“Transdifferentiation” refers to the conversion of adult cells that are already committed to a particular cell fate to another cell fate. Transdifferentiation is an alternative to the cellular reprogramming that involves converting a mature cell into a pluripotent stem cell — one capable of becoming many types of cell — then coaxing the pluripotent cell into becoming a particular type of cell, such as neurons. In the past year, scientists have been able to convert connective tissue-specific cells called fibroblasts into heart cells (Ieda, M. et al. Cell 142, 375-386 (2010)), blood cells (Szabo, E. et al. Nature 468, 521-526 (2010)), and liver cells (Huang, P. et al. Nature advance online publication doi:10.1038/nature10116 (2011)). Clearly transdifferentiation is a very fast-moving field.
Now researchers have succeeded in converting fibroblasts into neurons, the cells that are responsible for the conduction of nerve impulses. This might generate a model system for nervous-system diseases and even regenerative therapies based on cell transplants.
Stanford University stem-cell researcher Marius Wernig, says that skipping the pluripotency step could avoid some of the problems of making tissues from induced pluripotent stem cells (iPSCs). Also, making iPSCs can also take months to complete. Wernig’s team sparked the imaginations of stem cell scientists last year when he and his research team managed to convert adult mouse cells into iPSCs in only two weeks (Vierbuchen, T. et al. Nature 463, 1035-1041 (2010)). That feat took just three foreign genes that were delivered into tail cells with a virus. “We thought that as it worked so great for the mouse, it should be no problem to work it out in humans,” Wernig says. “That turned out to be wrong.”
Instead those three genes also made human cells that looked like nerve cells but did not fire the electric pulses characteristic of neurons. However, the addition of a fourth virus-delivered gene, found through trial and error, pushed fibroblast cells to become bona fide neurons. After a couple of weeks in culture, many of the neurons responded to electric jolts by pumping ions across their membranes. A few weeks later still, these neurons started to form connections, or synapses, with the mouse neurons they were grown alongside.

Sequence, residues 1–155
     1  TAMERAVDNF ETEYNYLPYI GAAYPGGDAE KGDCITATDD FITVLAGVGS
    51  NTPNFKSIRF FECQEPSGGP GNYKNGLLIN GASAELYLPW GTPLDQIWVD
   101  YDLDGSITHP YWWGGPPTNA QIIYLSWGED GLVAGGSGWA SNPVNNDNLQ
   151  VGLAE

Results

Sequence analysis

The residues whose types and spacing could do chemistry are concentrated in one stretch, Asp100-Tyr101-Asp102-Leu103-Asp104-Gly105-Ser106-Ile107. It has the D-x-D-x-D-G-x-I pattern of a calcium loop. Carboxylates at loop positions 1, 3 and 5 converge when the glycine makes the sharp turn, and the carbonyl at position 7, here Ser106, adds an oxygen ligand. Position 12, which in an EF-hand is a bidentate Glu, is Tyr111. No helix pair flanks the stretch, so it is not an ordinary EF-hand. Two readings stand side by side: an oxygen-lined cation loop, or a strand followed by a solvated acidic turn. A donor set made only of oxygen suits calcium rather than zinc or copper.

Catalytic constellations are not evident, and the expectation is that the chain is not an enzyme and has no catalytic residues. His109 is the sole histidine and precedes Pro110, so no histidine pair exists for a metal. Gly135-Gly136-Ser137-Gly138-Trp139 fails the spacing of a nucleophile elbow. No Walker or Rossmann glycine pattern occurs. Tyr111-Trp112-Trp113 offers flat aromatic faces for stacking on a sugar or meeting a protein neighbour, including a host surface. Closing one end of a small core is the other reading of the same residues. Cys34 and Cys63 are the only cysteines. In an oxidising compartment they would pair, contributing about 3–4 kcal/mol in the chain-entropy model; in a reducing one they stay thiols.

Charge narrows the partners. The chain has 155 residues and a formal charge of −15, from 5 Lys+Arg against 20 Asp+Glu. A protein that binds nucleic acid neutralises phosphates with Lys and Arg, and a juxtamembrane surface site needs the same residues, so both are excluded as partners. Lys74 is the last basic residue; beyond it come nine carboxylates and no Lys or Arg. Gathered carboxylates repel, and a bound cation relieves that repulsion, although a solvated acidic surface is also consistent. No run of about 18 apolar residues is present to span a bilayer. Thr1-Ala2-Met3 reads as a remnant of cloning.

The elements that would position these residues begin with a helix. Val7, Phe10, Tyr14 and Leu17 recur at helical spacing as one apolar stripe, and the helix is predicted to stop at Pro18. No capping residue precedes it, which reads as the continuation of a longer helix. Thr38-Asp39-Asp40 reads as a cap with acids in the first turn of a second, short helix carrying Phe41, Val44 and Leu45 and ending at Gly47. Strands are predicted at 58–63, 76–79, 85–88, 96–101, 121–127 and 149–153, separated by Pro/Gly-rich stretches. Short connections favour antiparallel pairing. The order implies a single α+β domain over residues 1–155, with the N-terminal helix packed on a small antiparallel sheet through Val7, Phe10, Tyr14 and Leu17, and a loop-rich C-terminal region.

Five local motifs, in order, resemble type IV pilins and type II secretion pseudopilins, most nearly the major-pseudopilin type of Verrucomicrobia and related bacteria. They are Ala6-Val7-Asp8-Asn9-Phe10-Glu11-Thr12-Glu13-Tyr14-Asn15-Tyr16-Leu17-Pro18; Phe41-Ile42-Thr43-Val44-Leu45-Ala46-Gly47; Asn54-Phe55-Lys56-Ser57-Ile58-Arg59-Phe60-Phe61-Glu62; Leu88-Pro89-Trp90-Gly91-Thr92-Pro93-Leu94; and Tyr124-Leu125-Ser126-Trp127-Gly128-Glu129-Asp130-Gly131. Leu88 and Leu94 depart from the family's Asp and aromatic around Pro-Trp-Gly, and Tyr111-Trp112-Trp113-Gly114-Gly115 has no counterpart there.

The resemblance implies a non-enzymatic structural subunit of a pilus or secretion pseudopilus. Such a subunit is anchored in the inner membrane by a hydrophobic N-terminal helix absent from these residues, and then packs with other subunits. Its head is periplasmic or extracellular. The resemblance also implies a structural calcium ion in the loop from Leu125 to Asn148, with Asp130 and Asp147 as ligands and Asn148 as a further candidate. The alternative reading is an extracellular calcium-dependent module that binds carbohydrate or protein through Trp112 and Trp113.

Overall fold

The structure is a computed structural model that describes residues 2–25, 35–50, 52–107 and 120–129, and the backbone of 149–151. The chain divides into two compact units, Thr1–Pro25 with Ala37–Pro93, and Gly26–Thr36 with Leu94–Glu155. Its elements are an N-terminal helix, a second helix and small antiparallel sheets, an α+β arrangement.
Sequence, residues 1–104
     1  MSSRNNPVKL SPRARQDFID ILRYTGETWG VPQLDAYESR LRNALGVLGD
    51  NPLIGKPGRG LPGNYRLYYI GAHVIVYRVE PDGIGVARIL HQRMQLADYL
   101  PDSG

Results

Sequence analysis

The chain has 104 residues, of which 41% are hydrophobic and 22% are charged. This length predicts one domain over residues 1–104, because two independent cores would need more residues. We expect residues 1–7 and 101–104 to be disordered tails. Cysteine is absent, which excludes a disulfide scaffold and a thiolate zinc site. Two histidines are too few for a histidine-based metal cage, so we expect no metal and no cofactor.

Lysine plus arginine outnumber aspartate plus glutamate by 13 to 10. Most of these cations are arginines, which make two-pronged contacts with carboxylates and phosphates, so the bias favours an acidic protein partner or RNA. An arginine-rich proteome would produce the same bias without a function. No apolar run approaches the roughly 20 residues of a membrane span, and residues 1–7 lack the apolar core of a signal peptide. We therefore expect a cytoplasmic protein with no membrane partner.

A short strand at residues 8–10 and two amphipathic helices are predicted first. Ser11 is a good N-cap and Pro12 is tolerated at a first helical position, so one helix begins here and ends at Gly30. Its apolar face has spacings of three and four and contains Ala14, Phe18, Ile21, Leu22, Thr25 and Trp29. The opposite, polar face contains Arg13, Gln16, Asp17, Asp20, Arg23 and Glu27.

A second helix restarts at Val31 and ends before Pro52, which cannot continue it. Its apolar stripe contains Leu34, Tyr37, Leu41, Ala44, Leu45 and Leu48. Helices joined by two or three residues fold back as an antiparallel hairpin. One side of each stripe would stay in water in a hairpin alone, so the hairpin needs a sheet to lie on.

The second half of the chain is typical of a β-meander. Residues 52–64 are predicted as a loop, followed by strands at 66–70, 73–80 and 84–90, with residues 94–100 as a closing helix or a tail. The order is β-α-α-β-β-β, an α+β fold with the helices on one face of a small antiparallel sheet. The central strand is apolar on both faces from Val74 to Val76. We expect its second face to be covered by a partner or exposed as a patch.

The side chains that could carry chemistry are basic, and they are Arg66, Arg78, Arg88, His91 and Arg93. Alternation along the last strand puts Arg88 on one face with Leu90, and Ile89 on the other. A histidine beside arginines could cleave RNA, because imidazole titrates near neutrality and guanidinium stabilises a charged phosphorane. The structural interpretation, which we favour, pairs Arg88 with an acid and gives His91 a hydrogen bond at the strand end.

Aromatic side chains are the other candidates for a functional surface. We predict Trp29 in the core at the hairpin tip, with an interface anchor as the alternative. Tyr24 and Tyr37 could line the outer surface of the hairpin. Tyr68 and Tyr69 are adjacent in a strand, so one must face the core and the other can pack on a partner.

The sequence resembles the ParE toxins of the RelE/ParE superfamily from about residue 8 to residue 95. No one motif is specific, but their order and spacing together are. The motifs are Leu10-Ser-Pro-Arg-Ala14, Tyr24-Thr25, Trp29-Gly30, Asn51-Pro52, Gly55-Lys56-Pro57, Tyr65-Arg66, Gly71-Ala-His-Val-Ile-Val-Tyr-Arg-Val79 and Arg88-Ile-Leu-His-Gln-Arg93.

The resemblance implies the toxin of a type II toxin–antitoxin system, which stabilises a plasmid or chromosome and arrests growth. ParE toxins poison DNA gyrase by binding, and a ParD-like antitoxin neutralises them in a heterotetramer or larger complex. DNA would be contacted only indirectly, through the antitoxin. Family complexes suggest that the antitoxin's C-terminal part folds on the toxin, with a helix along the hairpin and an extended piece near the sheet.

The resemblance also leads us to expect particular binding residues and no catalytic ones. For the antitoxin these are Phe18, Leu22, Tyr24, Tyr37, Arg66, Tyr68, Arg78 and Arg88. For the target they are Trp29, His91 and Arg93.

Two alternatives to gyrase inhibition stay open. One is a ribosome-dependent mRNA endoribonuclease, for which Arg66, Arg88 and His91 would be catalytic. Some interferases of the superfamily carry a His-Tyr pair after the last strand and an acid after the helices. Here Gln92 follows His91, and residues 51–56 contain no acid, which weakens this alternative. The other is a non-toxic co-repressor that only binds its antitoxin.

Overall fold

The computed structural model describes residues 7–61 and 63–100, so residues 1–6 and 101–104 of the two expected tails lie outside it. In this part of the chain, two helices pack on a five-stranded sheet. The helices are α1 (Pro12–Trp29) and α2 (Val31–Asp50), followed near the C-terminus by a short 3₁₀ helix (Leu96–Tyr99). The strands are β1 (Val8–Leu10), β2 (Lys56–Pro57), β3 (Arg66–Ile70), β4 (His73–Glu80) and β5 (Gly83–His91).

This transdifferentiation procedure is rather inefficient. Only 2–4% of the treated fibroblasts became neurons. This is lower than the ~8% efficiency achieved with the mouse tail cells. Also most of the resulting neurons communicated using a chemical called glutamate, which limits their use for understanding or treating neurodegenerative diseases. Given all these caveats, Wernig admits that there are still kinks to work out. However, he and his team are trying to improve the efficiency of transdifferentiation and also to make neurons that communicate using other chemicals.
Evan Snyder, a stem-cell biologist at the Sanford Burnham Medical Research Institute in San Diego, California stated that neurons forged through transdifferentation offer advantages over brain cells made from iPSCs. In addition to being made more quickly, they are less likely to form tumors when they implanted into tissue. There are disadvantages, however. The signs of disease usually appear when a cell develops naturally, from a pluripotent stem cell into a differentiated neuron. Forcing a cell into becoming a neuron could cause scientists to miss aspects of a disease. Also fibroblasts that are the starting material for transdifferentiation do not divide as readily as iPSCs, which limits their use in applications that require lots of cells, such as drug screening, according to Wernig.